4. Identity disturbance: markedly and persistently unstable self-image or sense of self. Sufferers may have great difficulty in maintaining an image of self which bears any relationship to reality. Variations include difficulty tolerating the physical self; a feeling of being alternately “bad” or “good”; confusion about sexual orientation; difficulty in holding on to an image of the self.
  5. Impulsive behaviour in at least two areas that are potentially self-damaging (e.g., promiscuous sex, eating disorders, binge eating, substance abuse, reckless driving). These behaviours usually serve as an attempt to erase feelings of emptiness and may be compulsive or obsessive in nature.
  6. Recurrent suicidal behaviour, gestures, threats or self-injuring behaviour such as beating or banging self against walls, cutting, interfering with the healing of scars or picking at oneself. These behaviours serve as an alternative to living with the emotional emptiness, or to punish the hated part of the self.
  7. Rapid mood changes (e.g., intense, but episodic depression, irritability or anxiety usually lasting a few hours and only rarely more than a few days).
  8. Inappropriate anger or difficulty controlling anger (e.g., frequent displays of temper, constant anger, recurrent physical fights). This apparent poor impulse control stems from a sensitivity to perceived criticism and the tendency to view the internal self as a victim of others’ neglect, failure, disrespect or malevolent acts.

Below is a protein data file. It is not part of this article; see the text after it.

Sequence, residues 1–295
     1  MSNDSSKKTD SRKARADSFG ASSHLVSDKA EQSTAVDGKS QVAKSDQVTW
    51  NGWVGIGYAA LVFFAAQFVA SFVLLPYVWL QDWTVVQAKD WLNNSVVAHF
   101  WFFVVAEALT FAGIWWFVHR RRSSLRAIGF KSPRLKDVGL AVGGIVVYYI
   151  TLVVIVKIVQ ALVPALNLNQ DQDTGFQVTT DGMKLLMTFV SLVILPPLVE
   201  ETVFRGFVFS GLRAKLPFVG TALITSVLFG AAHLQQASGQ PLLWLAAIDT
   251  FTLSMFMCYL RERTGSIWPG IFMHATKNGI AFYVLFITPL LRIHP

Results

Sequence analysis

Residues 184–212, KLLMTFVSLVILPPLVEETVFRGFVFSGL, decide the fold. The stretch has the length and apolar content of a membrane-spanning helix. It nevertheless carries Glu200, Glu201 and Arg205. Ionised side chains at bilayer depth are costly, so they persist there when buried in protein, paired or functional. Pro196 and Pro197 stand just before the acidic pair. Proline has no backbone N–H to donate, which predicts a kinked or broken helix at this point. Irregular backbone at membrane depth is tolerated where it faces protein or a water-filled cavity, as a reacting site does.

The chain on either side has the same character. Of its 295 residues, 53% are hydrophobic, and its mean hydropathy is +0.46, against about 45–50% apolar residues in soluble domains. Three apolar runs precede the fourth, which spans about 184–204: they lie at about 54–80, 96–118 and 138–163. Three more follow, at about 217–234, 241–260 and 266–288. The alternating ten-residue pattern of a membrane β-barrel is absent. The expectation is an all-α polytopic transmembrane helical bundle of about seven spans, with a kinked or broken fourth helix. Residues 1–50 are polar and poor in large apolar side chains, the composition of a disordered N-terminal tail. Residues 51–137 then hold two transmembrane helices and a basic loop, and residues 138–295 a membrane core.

9. Transient, stress-related paranoid ideation, delusions or severe dissociative symptoms. When stressed (often a frequent state), a sufferer can lose fleetingly lose touch with reality, believing that otherwise benign or disinterested protagonists have malevolent intent towards them.

How Is Borderline Personality Disorder Treated?

There are several treatments of choice specifically for BPD. Two are variations of cognitive behavioural therapy, following a psycho-educational model which teaches sufferers skills to manage the condition:

Both of these approaches are taught in groups, although DBT also has an individual therapy component. The approaches are similar in that the focus is on skills rather than healing – program participants are taught to recognise their destructive or negative feelings rather than fight or succumb to them.

This psychodynamic-based treatment focuses on patient’s the present state and how it remains influenced by events of the past. Group therapy is alternated with individual work.

Can The Therapy Hour Help you with BPD?

While they desperately want help and attention, people with BPD typically fight shy of the group experience which is part and parcel of treatment for the condition. Individual therapy often provides a bridge readiness for group therapy, which is an important part of management and recovery.

Several of the therapists at The Therapy Hour have specific training for the management of BPD and are able to work with diagnosed and undiagnosed sufferers both on and off-line, subject to clients being prepared to work within set boundaries for contact.

To learn more, please contact us, or complete our assessment form.